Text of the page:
How to Run WMA in Cold Weather
By: Andy Welch, AQUABlack® Project Manager, Maxam Equipment Inc.
With the evolution of water based Warm Mix Asphalt (WMA), and its growing popularity, new challenges face the asphalt producer and their crews. WMA now allows for lower temperature mix production, thus reducing heat loss in cooler weather. This feature of WMA has opened the door for an extended paving season and began to change the old rule of “40°F and rising” for paving conditions. Cold weather asphalt is a reality now.
Asphalt plant production crews now face a whole new set of operating conditions not seen before. Previously asphalt plants would shut down when the first snow hits. With WMA, lower plant operating temperatures can affect many aspects of the asphalt plant performance. Asphalt heating, baghouse operation, drum and dryer performance, fuel heating, material flow and stockpiling just to name a few. Here we will discuss specifically cold weather operation of a water based WMA system and how to prevent needless down time at your asphalt plant when using water as an ingredient in your mix.
Even though the amount of water used in warm mix asphalt is very low, around a quart per ton of mix, you are still using a product that can freeze. Don’t let this frighten you, when it comes to the mix itself, because once injected into the liquid a/c, the water quickly converts to steam and only “air bubbles or steam” is left in the WMA. So once the WMA is produced, there is no chance for freezing in the mix. The cold weather issue with WMA is the handling, pumping, metering and storage of the water prior to injecting it into the process.
There are several warm mix asphalt plant equipment manufacturers in the industry today. The MAXAM AQUABlack® system is designed for cold weather operating conditions, but most warm mix asphalt plant equipment manufacturers leave it up to you to deal with. If your system is not designed for cold weather, the three aspects of the system to contend with are the pump and metering system, the water conveying lines, and the foaming/mixing apparatus.
To begin with, you need a water supply source. It is always best if this is a filtered and clean source to prevent contaminants from fouling the valves and orifices throughout the system. The source, if coming from a tap or valve should be disconnected at the end of each day, and the supply hose should be drained. Freezing in the supply valve can damage the valve seats and actually cause the valve body to rupture. A properly engineered metering system used in WMA production should have a water supply surge tank. This allows for the pump to pull from a constant head for most accurate control. A surge tank can be dealt with in a variety of ways. Larger tanks can be insulated with blanket type insulation and the water can be kept above freezing temperatures by use of a submersion type heater. Also keep in mind that the supply and feed line also must be heated or shut off and drained after each use. Use of a small tank for just metering head will allow for the tank to be mounted in an enclosure that can be easily heated using a space type heater. The meters and valves used for WMA control all contain some type of moving part(s), that when frozen will not operate and create a down time condition. Most water meters and valves contain “Buna” type seals and will not survive thawing by heating them with a torch to free them up. You most likely will destroy them.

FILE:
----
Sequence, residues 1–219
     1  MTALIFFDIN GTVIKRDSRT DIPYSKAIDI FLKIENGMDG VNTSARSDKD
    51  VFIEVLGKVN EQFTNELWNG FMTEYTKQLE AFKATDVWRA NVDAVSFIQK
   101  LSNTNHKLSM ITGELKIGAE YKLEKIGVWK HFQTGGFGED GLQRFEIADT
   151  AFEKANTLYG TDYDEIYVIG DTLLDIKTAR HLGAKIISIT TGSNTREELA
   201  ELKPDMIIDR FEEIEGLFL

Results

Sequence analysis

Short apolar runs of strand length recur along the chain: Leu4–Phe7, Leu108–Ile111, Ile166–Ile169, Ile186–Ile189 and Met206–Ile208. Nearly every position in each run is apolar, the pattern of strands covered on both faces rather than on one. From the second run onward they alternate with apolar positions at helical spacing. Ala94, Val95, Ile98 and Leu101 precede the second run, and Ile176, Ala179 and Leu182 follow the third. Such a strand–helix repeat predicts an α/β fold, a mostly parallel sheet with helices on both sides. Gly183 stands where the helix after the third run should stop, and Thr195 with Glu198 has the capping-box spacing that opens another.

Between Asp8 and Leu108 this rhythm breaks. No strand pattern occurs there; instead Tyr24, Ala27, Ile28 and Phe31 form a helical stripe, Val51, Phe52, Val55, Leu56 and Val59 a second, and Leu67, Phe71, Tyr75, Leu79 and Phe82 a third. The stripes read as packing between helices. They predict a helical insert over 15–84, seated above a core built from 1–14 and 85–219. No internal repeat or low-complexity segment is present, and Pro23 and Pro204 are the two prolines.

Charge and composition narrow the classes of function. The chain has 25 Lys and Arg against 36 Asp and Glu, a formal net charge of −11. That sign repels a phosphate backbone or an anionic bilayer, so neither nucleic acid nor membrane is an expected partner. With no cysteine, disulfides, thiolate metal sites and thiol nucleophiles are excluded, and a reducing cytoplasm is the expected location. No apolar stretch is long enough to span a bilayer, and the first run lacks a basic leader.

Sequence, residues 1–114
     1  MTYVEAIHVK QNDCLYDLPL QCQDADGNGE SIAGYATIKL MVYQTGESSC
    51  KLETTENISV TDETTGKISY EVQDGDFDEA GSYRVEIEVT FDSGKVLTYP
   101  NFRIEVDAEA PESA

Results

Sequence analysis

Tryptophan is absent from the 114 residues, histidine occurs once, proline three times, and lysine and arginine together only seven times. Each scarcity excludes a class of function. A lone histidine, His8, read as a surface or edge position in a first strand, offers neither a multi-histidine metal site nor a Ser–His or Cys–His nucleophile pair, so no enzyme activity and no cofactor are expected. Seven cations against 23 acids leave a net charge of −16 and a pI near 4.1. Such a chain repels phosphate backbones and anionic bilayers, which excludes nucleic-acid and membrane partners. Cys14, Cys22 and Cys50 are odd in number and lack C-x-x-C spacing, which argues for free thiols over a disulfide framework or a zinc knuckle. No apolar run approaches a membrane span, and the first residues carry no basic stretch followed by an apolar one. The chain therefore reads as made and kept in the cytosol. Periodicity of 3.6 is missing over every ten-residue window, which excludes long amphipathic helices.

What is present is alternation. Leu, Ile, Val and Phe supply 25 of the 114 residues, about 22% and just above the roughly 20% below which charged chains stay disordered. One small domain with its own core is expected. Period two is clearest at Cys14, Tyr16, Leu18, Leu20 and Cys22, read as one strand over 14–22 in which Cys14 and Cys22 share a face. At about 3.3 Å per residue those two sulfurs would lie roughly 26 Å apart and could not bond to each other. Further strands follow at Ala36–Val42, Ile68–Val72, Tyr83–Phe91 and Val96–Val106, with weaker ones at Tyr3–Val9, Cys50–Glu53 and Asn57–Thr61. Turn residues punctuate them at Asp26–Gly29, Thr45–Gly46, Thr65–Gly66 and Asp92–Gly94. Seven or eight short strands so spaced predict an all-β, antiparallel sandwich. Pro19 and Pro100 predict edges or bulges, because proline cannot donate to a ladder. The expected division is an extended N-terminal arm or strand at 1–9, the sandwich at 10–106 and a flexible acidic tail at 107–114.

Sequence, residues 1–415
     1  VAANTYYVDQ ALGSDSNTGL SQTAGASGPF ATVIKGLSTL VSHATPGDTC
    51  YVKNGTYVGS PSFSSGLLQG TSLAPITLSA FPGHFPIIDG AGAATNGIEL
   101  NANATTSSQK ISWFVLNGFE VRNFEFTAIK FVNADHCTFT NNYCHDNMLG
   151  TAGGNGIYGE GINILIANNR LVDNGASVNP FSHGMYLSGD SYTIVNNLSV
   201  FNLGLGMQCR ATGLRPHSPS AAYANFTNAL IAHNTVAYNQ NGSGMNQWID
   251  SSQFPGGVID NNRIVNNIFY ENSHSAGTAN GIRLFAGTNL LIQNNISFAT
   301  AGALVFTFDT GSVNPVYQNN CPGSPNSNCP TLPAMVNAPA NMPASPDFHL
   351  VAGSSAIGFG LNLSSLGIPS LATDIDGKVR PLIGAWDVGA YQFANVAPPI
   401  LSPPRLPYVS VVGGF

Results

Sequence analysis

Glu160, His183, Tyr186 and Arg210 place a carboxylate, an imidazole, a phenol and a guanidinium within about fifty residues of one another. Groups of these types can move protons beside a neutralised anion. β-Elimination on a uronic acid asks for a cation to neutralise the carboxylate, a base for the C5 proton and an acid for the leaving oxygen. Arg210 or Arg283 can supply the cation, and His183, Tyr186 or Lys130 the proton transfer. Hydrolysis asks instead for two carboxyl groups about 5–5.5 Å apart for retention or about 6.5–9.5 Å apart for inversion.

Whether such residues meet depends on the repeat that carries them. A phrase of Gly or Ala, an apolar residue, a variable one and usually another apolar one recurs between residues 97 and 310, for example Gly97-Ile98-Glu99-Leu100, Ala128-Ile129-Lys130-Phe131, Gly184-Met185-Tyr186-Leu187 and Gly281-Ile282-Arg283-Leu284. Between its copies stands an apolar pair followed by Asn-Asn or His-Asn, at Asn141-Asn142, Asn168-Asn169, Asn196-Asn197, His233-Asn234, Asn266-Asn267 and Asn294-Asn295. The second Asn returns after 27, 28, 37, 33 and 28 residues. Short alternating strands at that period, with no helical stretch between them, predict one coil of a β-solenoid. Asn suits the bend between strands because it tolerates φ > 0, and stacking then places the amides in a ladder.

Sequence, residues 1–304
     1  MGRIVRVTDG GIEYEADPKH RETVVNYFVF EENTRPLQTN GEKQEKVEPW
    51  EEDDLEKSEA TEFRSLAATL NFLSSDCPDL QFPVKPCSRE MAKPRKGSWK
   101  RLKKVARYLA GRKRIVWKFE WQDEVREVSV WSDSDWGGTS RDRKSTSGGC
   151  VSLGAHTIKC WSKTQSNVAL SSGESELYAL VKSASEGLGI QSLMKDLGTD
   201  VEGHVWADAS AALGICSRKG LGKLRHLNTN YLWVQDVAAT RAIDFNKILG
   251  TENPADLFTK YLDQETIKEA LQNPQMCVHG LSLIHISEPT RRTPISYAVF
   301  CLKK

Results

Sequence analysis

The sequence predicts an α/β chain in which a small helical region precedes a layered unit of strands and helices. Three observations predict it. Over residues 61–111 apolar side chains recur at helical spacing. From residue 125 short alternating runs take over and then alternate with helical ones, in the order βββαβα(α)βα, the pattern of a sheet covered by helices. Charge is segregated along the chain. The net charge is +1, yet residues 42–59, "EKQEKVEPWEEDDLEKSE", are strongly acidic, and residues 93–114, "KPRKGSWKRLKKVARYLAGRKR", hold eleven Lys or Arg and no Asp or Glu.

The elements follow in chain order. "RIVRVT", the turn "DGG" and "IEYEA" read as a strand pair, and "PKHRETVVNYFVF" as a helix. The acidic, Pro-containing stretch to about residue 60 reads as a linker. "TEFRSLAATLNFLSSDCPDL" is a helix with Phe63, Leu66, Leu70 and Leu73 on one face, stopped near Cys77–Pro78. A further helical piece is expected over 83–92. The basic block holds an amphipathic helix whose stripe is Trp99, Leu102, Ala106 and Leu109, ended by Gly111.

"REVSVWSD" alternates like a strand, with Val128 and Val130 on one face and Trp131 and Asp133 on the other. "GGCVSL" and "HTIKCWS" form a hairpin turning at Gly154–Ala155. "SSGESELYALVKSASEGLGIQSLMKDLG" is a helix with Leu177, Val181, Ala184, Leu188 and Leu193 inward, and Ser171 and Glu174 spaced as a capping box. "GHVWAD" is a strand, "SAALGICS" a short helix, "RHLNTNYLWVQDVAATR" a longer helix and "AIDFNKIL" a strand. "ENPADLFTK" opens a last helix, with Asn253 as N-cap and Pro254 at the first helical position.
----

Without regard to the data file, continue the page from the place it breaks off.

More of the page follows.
The exposed piping and hoses might end up being one of the biggest possible blockage points you will face. The solution is to drain them or blow them out using compressed air to remove the free water. The AQUABlack® system comes equipped with an automatic “Air Purge” that, when the system is shut down, automatically purges the line all the way to the foaming chamber. Air purging using plant compressed air is the best way to insure that the water is removed from low spots that may not get fully emptied out by a simple brevity type drain out.
Most warm mix asphalt foaming chambers or devices are heated by some method; usually hot oil to prevent plugging. Leaving the hot oil flow on to the chamber should prevent any freezing at this point. If no type of heating is provided with your system, cleaning out the water after cold weather use becomes an absolute must. Some alternative heating methods, such as electric heat tape or cable could be used. Installation of a pressure gauge or remote transducer with a readout in the water line just before the chamber can be used to indicate a blockage in the water supply system due to freezing. Having the ability to monitor the pressure is a great aid in diagnosing a problem or blockage.
Long term shut downs can be handled a couple of different ways. One would be a complete drainage of water from the entire system. This option may take some time, as you will want to make sure that all the water has been removed. Water for example, trapped between two valves and not drained, will freeze, expand and possible damage both valves. The second method is probably the simplest and safest. Just perform a simple gravity drain not worrying about removing all the water and then add RV antifreeze to the tank and pump it into the system until you see some flush out at the foaming chamber (follow the RV antifreeze manufacturers recommendations). For startup the next time, flush the system out, replace the particulate filter, hook up you supply line, fill the tank with water and start your Spring cool weather WMA production. Following the above steps is not difficult to follow or perform, but they are critical for successful cool weather warm mix asphalt product. With an extended paving season, more tonnage will make for a warmer Winter.